Team Nunavut gears up to compete in Greenland
Nunavut will send 180 athletes and delegates to Nuuk for next week's Arctic Winter Games
If Team Nunavut has its way, you will see lots of red, yellow and blue on the Arctic Winter Games podium this March — but don’t adjust your monitor.
Politicians at Nunavut’s legislative assembly briefly traded the stump for the runway Feb. 29 to model official uniforms that Nunavut athletes will wear at next week’s 2016 Arctic Winter Games in Nuuk, Greenland.
The occasion marked the final media event before Team Nunavut makes its way across Davis Strait to Greenland for the games, set to start March 6.
“Team Nunavut will be easy to spot in Nuuk, with the bright colours that symbolize our flag,” Community and Government Services Minister Joe Savikataaq said at the unveiling.
The team announced its final roster of 180 participants — including athletes and mission staff — who will represent 17 Nunavut communities at the games.
The athletes will compete in nine sporting events, including: Arctic sports, badminton, basketball, Dene games, hockey, Futsol (a variation of indoor soccer,) table tennis, volleyball and wrestling.
“We are extremely proud of our Team Nunavut participants and we wish them luck as they represent us on the world stage,” Nunavut Premier Peter Taptuna said.
Leading the team in Nuuk will be Arviat’s Shelby Angalik, who has been selected as Team Nunavut’s flag bearer during the opening ceremonies.
Angalik is a rising star in women’s 50 kilogram wrestling. Despite her young age, she earned two silver ulus during the 2014 games in Fairbanks, Alaska, and has won three consecutive territorial championships.
Nunavut athletes will choose between two fashionable ensembles to wear during their time in Greenland.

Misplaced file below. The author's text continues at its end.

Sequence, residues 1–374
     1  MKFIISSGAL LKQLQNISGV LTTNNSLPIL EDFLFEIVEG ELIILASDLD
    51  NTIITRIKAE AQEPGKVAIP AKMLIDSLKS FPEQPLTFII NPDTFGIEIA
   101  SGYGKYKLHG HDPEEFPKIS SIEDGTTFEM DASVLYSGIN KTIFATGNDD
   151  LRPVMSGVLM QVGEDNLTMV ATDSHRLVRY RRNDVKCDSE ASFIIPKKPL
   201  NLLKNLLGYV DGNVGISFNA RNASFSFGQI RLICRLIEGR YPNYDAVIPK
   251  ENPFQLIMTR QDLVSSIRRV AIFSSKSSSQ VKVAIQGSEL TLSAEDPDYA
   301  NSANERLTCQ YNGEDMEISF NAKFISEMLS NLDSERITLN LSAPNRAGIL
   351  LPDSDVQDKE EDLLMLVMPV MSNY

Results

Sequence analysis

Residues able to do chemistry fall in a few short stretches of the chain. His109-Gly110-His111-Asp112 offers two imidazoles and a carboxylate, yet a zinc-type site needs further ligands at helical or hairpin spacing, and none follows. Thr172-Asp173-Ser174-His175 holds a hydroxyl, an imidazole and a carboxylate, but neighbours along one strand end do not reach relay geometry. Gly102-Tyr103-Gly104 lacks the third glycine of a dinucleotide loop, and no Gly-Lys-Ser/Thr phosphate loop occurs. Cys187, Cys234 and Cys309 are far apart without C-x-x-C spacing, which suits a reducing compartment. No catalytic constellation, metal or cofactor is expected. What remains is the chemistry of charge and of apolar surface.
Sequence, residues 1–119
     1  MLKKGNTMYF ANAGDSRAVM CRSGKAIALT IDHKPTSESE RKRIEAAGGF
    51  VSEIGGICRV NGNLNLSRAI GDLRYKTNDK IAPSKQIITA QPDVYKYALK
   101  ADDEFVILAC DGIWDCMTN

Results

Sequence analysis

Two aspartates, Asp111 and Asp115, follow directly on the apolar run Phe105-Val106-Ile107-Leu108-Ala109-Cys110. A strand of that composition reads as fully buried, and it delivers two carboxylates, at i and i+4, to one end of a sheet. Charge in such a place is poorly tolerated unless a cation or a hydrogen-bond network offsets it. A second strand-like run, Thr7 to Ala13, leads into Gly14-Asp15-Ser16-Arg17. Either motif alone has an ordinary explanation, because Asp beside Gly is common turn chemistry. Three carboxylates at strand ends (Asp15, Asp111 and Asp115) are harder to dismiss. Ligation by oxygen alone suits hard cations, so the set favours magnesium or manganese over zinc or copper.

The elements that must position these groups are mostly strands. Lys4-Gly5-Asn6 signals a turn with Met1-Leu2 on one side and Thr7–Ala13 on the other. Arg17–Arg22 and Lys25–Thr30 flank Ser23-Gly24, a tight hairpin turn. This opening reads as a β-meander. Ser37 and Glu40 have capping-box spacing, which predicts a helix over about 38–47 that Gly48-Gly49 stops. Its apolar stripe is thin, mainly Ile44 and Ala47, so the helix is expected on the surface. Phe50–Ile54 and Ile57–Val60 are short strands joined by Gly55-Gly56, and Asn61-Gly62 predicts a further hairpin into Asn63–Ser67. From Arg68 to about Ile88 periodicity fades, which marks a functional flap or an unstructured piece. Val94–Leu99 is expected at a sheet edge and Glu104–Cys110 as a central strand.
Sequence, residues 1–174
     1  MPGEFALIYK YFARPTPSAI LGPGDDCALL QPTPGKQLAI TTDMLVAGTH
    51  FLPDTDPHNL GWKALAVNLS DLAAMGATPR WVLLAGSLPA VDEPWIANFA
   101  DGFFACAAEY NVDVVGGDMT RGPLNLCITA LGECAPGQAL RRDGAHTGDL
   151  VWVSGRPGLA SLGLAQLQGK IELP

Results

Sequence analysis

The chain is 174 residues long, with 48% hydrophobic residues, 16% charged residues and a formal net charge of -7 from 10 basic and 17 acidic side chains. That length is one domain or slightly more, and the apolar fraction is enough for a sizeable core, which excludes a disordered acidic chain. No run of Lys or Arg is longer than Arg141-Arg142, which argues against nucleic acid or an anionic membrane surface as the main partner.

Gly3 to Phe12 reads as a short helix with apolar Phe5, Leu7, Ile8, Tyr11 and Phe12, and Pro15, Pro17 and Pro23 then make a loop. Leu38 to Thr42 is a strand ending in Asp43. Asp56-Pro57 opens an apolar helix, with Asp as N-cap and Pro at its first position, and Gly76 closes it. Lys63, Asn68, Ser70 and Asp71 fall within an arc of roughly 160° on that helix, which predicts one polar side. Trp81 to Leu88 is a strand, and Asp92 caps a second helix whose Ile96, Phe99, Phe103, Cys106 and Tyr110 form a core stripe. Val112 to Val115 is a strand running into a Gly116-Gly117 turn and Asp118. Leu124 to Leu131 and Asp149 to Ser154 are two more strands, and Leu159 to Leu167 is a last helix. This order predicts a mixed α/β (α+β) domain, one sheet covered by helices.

Participants at the opening ceremonies will don a modern-style blue jacket highlighted by a yellow scarf and hat.
And athletes who reach the winners’ podium this year will wear a windbreaker featuring the colours of Nunavut’s flag.
A satellite Arctic Winter Games hockey tournament for bantam boys and junior females is set to start March 7 in Iqaluit.
The tournament marks the first time Nunavut has hosted an Arctic Winter Games event since 2002.
To that end, an elite group of youth ambassadors will wear a special third uniform. Their task is to greet visiting teams to teach them about the city and Nunavut’s culture,
“There’s nine of us all together,” said youth ambassador Robert Ikkidluak, who modelled his group’s green jacket at the uniform unveiling.
“We’ll be answering some questions that people from outside Nunavut don’t know. [Things like] our history and culture and what we do on special occasions.”
Tooma Laisa, representing the Iqaluit’s Inuksuk Drum Dancers at the media event, is part of a cultural contingent going to Greenland to showcase Nunavut’s culture.
“We’ve been waiting for it to happen for such a long time now. So its really exciting for it to be actually happening,” she said.
Half of the drum dancers will perform at cultural exchanges in Nuuk, while the other half will hit the stage at Iqaluit’s own cultural showcase March 9.
Those remaining drum dancers in Iqaluit will join Greenlandic and Nunavummiut artists for a jam at Nakasuk elementary school in Iqaluit March 9 in a special one-off concert organized by Arctic Winter Games cultural ambassador Laakkuluk Williamson-Bathory and Alianait Arts Festival.
Team Nunavut athletes will begin travelling to Iqaluit this week. A shuttle service of Dash-8 airplanes will ferry the team to Greenland in segments.
The 2016 Arctic Winter Games takes place March 6 to March 11. Look for coverage from reporter Steve Ducharme in Nuuk.